Picture 1: Monument to the freedom fighter in Tyrol Andreas Hofer (executed on February 20, 1810)
Tyrolean and Russian freedom fighters
Born in 1767 and not receiving any education, Andreas Hofer, after his father, kept a hotel, while at the same time engaged in oral propaganda among his compatriots dissatisfied with the government: in 1809 he raised the banner of the uprising in Tyrol. The first steps of the freedom fighter against Napoleon were not successful, but after the battle of Bergisel, Hofer defeated the Bavarians and Tyrol was liberated, the population greeted Andreas Hofer with loud applause. But Tyrol enjoyed freedom only until the Treaty of Vienna, according to which it was to be ceded to the French. Andreas Hofer was sentenced to death by Napoleon on February 20, 1820. The fighter died, but his name did not die, the Tyroleans immortalized his name by erecting a monument near the Innsbruck mountain in Austria.
Russians honor the memory of their fighters in a different way: the graves of their heroes are deprived of even a simple cross. To be convinced of this, it is worth looking at the graves of the Saratov father and son Horabik, who fell victims of the liberation movement. Their remains were seen off by a crowd of thousands, beautiful ardent speeches were spoken over them.
And now their forgotten graves threaten to be razed to the ground and disappear forever. And this is not only in Saratov, but everywhere. Schmidt's grave also threatens to disappear without a cross and a monument.
Picture 2: The graves of Ludwig and Boris Horabik, at the cemetery in Saratov. Picture 3: The first group of Saratov political exiles in the prison yard in Tyumen
A poem: Hunger... Long patience... Beggar's allotment...
Blood... Violence... Intoxication...
Lashes and shooting. A volley .... A crowd ... Shadows of the killed…
Endless torments ... Moans ... Horror ... Pain and tears.
A series of immeasurable crimes of the important person.
And whips... And prison, prison.
THE FUNERAL OF COMRADE HORABIK.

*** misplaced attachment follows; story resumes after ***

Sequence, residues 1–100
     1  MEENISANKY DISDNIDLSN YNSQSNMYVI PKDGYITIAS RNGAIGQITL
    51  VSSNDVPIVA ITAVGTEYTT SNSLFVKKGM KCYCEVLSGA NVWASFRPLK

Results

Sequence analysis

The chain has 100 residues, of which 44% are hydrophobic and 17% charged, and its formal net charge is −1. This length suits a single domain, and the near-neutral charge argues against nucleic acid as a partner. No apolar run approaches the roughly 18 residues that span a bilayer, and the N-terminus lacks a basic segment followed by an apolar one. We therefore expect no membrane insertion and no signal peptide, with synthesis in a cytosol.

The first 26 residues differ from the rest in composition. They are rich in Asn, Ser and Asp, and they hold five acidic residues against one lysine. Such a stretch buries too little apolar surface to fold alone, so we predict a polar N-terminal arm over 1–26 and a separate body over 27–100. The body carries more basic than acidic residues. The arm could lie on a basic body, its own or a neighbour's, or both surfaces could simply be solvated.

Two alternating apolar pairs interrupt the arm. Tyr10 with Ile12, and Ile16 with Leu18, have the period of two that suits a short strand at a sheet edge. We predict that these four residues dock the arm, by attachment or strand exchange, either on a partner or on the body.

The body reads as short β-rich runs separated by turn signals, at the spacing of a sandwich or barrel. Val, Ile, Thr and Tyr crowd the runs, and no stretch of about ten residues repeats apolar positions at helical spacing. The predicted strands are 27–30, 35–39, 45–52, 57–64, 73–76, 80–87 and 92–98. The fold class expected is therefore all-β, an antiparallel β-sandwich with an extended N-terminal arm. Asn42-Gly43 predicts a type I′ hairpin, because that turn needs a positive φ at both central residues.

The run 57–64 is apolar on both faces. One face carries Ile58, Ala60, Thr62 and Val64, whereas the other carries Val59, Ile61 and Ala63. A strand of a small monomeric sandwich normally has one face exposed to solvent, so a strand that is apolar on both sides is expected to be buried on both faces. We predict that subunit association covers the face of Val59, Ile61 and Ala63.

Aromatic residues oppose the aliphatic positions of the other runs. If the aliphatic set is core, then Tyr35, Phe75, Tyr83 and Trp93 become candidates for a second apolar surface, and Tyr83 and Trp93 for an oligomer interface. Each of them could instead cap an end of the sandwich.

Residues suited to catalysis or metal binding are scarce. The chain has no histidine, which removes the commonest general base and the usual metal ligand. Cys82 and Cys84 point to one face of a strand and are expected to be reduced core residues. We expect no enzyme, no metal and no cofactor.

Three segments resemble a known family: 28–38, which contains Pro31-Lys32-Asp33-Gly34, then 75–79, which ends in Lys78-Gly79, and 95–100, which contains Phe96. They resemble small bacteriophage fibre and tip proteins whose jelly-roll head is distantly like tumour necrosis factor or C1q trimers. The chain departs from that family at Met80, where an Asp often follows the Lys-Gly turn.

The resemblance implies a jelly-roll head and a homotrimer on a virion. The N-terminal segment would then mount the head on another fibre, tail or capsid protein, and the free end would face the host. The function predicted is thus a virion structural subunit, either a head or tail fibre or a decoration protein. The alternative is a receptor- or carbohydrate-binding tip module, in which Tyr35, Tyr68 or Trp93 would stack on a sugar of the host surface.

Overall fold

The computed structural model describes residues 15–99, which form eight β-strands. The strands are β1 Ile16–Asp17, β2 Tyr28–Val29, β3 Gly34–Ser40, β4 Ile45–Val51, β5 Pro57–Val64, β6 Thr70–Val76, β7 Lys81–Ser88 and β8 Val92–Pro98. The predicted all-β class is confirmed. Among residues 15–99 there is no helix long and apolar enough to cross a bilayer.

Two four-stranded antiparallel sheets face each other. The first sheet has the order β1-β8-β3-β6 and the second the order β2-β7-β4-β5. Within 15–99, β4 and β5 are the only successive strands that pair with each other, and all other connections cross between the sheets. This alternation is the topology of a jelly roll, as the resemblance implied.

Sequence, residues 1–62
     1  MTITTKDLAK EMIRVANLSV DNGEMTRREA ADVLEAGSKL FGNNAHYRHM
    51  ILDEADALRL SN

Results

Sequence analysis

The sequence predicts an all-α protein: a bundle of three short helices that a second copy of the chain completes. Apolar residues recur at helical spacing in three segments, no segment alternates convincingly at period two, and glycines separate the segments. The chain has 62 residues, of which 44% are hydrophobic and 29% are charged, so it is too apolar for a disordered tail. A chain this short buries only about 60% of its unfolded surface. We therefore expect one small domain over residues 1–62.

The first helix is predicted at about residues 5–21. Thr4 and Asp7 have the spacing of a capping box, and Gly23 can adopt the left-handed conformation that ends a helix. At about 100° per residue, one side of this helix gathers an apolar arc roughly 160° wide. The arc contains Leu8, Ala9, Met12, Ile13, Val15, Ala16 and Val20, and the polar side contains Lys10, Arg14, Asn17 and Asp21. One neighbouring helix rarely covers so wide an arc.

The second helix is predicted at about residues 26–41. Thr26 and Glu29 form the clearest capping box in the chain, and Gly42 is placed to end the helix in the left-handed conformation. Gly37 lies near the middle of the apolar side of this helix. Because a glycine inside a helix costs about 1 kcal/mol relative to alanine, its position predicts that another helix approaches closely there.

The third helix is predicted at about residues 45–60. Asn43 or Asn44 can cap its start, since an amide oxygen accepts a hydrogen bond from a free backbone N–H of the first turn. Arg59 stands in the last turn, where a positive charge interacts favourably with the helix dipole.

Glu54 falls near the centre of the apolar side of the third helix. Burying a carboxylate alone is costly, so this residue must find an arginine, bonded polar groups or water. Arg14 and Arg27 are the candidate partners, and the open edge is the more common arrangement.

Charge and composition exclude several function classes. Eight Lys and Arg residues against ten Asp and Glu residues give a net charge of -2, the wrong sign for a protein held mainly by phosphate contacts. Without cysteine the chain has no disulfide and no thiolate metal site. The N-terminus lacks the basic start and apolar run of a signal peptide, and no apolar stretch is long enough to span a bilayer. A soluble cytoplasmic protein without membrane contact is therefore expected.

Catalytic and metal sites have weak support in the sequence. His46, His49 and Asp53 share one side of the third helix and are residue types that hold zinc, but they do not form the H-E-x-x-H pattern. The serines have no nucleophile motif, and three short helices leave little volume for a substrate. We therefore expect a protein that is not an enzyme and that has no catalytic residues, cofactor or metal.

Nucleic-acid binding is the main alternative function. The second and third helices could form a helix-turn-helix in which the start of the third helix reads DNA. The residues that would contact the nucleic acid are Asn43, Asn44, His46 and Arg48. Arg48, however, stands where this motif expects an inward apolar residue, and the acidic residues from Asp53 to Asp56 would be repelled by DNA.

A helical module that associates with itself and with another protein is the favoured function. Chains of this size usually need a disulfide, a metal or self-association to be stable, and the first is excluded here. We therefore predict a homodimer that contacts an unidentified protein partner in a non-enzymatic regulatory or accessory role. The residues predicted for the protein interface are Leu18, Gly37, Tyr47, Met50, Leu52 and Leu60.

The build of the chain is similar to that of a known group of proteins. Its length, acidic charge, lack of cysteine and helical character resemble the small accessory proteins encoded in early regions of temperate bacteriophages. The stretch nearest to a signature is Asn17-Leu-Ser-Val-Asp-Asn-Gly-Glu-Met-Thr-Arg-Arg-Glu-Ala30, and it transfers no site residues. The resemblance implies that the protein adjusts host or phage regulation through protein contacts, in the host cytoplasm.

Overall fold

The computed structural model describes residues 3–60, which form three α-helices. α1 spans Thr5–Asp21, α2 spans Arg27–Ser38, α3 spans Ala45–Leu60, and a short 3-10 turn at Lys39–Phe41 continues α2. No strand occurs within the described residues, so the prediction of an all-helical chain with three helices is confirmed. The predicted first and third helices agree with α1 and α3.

One of the victims of the pogrom was comrade Horabik, a worker at the Hantke factory. After suffering for several days in the hospital from a serious wound, he died on October 30. The loss of a wonderful comrade, who was known and appreciated not only by the workers of his plant, but by the entire broad working mass of Saratov, caused a heavy mood, on the one hand, and on the other, gave rise to a desire to bury him so that his memory would be preserved for a long time. Our committee and the committee of the local organization of the Socialist-Revolutionary Party (Horabik was a member of the Socialist-Revolutionary fighting squad) developed a wide oral and written agitation for organizing a demonstrative funeral. Our committee wrote: “Comrades! In a bloody battle against the enemy, one of the fighters of the proletariat, worker of the Hantke factory Ludwig Horabik died. On October 20, having separated from the fighting squad, he was brutally maimed by the Black Hundreds and seriously wounded. On October 30, the glorious fighter for a brighter future passed away ... the duty of the proletariat to honor those who fell in the struggle for the holy cause of freedom. The Saratov Committee of the RSDLP invites comrades to the Roman Catholic Church on November 1 at 3 p.m. to take part in the funeral procession. Order must be protected by the participants. Comrades! Let everyone in whom the holy thirst for freedom has not died out come to the dear grave and say the last “farewell” to his comrade. Courage is our protection, it is also the guarantee of our victory." An organizing committee was appointed, and the committee of the Socialist-Revolutionaries worked out a plan for the procession. It was decided to go to Nemetskaya ulitsa ('German Street') to the church, and then, after the ceremony, along the same street, move to the cemetery with unfolded red banners and singing revolutionary songs. The fighting squad was supposed to protect the procession from the Black Hundreds and police attacks. However, the police prevented this plan from being carried out. The leaders of the procession were asked to go from Horabik's apartment along Astrakhanskaya street to the cemetery, not trying to carry out his plan, because all the streets leading to the city center will be filled with Cossack and soldier outfits. In order to avoid bloody clashes, the imposed plan had to be adopted. In the morning, workers, employees, and young students began to converge. By two o'clock, five thousand had gathered, and the procession moved on. More than two dozen wreaths with red ribbons were carried in front of the coffin, upholstered in red cloth ... The mourners walked in rows, holding hands ... on the sides and in front of the procession was a chain of armed militants ... The choir and the whole procession tirelessly sang “Eternal Memory”, then “You fell a victim”, “You did not serve for a long time, but honestly for (the good of your native land”, then - the military Marseillaise ... Near the technical school, black mourning and red flags were hoisted on bamboo, folding poles. When they left through the crossing to the cemetery, the third - red - flag was hoisted. In the cemetery in front of the open grave, speeches were made by P. I. Klochkov and P. M. Mersitov from us and A. A. Minin and A. A. Gerasimov from the Socialist-Revolutionaries. - "Sleep, dear comrade,” said Mersitov, “we are closing our ranks in the struggle and will not end it until the proletariat has won.” Did he then think that he, a Bolshevik, future member of the standing committee of our party, at the moment of the victory of the proletariat, would be its ardent enemy … He would be an assistant to the executioner Denikin, drunk and fed by the same Black hundreds, from the hands of which the glorious Horabik died ...